Bribing your child with a chocolate bar to finish his or her maths homework is an excellent idea, according to researchers who claim that the yummy treat could improve the brain's ability to do the most "dreadful" subject.
According to Prof David Kennedy, director of the brain, performance and nutrition research centre at Northumbria University, and a co-author of the study, chocolate could be beneficial for mentally challenging tasks.
The study, presented at the British Psychological Society annual conference in Brighton show, is great news for students who binge on chocolate when revising for exams.
"For things that are difficult to do, mentally demanding things that maybe crop up in your work it could help," The Telegraph quoted Kennedy, as saying.
In the study, 30 volunteers were asked to count backwards in groups of three from a random number between 800 and 999 generated by a computer. They were given large amounts of compounds found in chocolate, called flavanols, in a hot cocoa drink.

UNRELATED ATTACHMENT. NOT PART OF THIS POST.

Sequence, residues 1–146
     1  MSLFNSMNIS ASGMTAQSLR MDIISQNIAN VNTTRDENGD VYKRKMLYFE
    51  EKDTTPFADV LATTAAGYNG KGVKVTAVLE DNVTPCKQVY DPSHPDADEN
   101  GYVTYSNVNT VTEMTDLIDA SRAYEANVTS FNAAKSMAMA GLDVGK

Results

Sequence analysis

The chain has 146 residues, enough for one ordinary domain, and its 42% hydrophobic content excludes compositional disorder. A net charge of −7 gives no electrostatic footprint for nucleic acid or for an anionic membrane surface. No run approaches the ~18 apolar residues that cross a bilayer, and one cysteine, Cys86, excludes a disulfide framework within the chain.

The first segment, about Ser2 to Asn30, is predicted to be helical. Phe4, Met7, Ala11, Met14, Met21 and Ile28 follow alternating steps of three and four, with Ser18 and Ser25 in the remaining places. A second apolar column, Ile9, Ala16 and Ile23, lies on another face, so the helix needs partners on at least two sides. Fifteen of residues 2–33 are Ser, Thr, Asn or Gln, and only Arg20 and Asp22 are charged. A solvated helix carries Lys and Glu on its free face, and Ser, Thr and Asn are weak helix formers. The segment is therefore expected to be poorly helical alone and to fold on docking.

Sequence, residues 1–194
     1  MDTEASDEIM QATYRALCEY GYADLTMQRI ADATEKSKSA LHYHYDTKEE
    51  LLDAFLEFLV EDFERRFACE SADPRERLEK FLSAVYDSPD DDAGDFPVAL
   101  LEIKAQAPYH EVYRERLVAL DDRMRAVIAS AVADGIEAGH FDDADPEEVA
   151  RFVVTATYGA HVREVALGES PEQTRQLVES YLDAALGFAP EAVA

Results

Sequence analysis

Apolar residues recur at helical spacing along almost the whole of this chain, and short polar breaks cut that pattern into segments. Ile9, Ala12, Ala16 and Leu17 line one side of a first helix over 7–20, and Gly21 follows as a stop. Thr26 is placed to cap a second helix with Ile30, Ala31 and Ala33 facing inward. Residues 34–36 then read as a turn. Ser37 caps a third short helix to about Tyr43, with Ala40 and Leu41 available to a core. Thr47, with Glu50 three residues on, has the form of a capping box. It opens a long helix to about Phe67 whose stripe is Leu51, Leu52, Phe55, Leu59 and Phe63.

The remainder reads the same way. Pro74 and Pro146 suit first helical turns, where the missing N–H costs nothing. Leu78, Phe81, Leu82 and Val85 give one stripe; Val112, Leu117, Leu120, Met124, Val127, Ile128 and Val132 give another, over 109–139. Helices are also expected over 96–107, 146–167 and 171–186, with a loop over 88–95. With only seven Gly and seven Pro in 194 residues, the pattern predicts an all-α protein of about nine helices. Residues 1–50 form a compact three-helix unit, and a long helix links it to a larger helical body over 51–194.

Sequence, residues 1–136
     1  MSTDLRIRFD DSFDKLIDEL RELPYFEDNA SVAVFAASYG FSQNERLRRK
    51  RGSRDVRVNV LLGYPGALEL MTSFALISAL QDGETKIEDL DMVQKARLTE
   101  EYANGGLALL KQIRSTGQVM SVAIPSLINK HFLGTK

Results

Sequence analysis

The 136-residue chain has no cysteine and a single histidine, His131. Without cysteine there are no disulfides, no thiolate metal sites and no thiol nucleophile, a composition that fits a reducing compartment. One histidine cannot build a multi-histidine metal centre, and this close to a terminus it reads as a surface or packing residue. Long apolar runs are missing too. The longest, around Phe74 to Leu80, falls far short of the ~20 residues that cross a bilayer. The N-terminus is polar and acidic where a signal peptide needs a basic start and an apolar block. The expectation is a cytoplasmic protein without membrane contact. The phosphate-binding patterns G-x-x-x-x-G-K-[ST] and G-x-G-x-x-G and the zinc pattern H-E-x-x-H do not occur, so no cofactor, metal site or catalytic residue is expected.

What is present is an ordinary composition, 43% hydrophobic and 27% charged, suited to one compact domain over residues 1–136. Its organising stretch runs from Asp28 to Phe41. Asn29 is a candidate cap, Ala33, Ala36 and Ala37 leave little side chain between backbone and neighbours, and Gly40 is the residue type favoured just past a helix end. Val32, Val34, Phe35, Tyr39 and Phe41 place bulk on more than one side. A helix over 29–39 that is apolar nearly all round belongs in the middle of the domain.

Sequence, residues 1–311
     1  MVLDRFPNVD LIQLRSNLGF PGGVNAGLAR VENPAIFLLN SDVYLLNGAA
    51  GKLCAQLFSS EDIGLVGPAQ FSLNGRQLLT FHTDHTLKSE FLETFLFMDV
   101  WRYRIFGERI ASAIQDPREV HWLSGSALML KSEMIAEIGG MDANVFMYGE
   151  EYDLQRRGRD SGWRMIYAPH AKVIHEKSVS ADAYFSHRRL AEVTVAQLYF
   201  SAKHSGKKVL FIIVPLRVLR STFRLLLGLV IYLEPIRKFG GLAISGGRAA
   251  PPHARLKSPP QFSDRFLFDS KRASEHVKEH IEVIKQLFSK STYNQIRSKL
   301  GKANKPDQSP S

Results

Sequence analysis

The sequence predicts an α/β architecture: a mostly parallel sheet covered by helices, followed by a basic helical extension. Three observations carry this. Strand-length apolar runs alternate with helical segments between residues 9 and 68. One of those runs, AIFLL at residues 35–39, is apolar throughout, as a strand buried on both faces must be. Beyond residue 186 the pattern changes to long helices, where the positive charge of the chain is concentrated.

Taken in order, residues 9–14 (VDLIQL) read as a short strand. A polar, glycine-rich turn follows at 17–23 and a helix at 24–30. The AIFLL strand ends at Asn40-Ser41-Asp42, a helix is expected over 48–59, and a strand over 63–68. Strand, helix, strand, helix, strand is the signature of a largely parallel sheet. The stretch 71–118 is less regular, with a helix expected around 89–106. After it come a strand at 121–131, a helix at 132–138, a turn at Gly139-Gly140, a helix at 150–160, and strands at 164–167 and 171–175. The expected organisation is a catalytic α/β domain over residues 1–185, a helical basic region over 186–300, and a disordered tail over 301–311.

The findings show that they could do the calculations more quickly and more accurately after they had been given the drink.
But, the same was not true when the group was asked to count backwards in groups of seven, which the researchers described as a more complex task.
The participants also did not get as tired doing the calculations if they had been given the cocoa drink, despite being asked to do them over and over for an hour.
Emma Wightman, one of the study's lead researchers, said: "You can get bars of chocolate that have 100mg of flavanol, and we are also going to look at the effect of lower doses of flavanol on the brain."
Prof Kennedy added: "The amount that you are giving is more than in the diet but there is quite a lot of evidence that general amounts are protective against declining function and that kind of thing.
"The more fruit and vegetables and things that are high in polyphenols the better that is for your brain in the long run."